Chinese data breach

Binance CEO CZ tweeted that their threat intelligence had discovered resident records for sale on the dark web, without citing the country. CZ attributed the data breach to a bug in a state agency’s software using an “Elasticsearch” algorithm.

Twenty-three terabytes of stolen data consisting of personal information and criminal case information were reportedly stolen from a police station database in Shanghai, China. The hacker offered the information on a dark web forum for ten bitcoins.

The Elasticsearch algorithm is used to quickly examine massive data sets and return answers in a fraction of a second. The algorithm pools data from various sources. Data from social media posts and emails to company spreadsheets may all end up in an Elasticsearch data bucket. While this is good access to a wealth of enterprise information, it becomes equally a tempting prospect for cybercrooks.

Information from the forum where the data was posted indicates that the attack targeted an instance of Elasticsearch on the cloud platform of an Alibaba subsidiary used by the Shanghai police.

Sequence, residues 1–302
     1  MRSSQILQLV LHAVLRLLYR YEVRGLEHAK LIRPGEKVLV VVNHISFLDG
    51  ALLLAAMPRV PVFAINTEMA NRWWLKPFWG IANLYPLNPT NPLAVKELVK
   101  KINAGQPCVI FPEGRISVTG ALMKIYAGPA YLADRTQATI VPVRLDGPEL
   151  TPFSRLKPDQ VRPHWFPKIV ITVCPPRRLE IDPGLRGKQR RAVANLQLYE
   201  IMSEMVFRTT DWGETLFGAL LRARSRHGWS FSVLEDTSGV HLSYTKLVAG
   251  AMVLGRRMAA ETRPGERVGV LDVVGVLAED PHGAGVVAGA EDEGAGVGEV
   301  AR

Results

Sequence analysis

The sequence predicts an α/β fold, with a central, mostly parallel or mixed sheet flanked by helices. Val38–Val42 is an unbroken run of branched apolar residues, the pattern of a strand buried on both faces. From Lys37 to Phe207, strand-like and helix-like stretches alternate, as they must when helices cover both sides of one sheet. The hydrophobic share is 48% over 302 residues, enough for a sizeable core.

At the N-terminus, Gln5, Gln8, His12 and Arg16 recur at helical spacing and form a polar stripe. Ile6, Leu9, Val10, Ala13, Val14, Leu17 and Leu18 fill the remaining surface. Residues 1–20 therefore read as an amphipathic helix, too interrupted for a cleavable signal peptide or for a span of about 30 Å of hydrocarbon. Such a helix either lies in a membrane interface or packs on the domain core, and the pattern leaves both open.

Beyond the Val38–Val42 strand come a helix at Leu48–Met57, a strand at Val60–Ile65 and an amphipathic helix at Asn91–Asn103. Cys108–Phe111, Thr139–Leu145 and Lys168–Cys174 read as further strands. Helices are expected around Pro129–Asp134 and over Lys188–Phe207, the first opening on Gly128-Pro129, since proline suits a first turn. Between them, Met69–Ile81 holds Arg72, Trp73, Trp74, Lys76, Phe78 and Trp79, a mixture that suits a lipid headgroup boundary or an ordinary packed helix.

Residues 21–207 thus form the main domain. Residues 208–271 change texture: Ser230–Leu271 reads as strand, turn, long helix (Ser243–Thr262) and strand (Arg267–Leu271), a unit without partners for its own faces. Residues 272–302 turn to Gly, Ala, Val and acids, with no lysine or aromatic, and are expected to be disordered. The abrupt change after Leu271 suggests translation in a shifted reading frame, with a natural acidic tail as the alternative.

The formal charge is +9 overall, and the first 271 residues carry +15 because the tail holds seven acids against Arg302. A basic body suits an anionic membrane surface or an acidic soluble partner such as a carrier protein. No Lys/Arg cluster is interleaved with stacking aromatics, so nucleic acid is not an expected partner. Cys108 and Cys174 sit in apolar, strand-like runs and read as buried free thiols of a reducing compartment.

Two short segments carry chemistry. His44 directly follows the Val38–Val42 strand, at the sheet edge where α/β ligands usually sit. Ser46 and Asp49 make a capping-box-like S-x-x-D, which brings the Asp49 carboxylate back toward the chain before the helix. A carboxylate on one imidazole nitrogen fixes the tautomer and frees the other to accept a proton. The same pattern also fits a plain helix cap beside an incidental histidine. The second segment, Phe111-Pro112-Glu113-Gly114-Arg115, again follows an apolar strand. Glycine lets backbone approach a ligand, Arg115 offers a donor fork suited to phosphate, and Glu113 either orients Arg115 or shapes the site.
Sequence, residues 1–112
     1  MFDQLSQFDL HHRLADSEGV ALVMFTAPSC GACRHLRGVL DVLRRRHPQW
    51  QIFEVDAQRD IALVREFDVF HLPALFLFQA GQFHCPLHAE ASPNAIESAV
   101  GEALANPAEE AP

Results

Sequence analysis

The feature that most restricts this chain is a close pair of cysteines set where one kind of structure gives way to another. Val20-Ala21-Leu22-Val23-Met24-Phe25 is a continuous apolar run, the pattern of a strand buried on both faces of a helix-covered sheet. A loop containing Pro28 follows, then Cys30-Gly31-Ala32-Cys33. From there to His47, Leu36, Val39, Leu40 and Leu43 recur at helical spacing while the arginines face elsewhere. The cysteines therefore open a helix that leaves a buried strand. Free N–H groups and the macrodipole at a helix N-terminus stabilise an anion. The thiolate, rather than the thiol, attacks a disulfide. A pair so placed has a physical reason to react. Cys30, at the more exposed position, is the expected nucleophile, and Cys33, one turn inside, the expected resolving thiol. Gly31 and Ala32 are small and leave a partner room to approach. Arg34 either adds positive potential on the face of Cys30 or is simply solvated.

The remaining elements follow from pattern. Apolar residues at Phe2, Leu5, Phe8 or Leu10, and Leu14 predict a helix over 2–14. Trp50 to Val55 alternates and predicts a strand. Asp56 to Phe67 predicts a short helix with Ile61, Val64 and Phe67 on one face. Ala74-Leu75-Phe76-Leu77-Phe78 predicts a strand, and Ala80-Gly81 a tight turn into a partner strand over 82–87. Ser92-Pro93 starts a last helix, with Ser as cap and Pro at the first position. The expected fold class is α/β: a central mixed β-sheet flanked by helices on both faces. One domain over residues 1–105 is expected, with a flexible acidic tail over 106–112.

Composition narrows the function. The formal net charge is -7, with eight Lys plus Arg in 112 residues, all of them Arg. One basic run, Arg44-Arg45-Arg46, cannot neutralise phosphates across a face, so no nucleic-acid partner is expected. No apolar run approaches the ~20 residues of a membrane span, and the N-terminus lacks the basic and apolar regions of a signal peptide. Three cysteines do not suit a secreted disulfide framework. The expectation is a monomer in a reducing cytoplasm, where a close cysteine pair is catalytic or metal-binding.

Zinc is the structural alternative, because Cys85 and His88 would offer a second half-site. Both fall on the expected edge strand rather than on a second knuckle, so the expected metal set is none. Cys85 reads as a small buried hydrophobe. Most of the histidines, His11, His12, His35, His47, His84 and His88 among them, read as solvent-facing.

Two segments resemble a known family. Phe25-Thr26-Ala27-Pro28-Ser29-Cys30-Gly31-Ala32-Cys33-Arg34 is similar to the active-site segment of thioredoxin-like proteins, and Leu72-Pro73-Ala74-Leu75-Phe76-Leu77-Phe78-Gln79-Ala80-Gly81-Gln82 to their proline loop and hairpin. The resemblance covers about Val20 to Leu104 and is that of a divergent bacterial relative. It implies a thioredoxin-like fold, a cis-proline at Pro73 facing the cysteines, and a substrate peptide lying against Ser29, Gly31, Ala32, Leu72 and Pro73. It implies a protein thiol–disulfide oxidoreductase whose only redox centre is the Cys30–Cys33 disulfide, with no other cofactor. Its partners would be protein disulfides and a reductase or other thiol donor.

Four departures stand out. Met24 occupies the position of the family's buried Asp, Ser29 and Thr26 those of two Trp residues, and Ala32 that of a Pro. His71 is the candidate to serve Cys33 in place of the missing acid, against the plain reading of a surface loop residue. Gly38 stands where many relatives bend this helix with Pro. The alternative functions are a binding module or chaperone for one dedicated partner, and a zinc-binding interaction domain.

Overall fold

CZ noted that the leaked data had implications for Binance users since the data in question could be used to take over accounts. The cryptocurrency exchange has now taken steps to solidify its user verification processes. CZ further added that Binance uses internal and outsourced threat detection.

Cybersecurity experts concerned

News of the hack sent fear throughout the Chinese security industry, triggering speculation on how it could have happened. Shanghai police are yet to make any public statement. Cybersecurity experts that have weighed in on the issue expressed concerns about the hack’s size and the sensitivity of the stolen information, which includes criminal activity details.

According to the Wall Street Journal, some journalists downloaded the list and called phone numbers to check the validity of the information. Five people verified criminal information only the police could access, while four confirmed their identity before hanging up.

Threat to the crypto world

While hacks of Decentralized finance (DeFi) protocols involve the theft of massive sums of money, such as the breaches on Axie Infinity’s Ronin bridge as well as Harmony’s Horizon bridge, data leaks are a bigger threat to customers of centralized crypto exchanges. Exchanges are required by law to collect user information to combat money laundering and terrorism financing, which could easily be exposed on the dark web in the event of a similar security breach.

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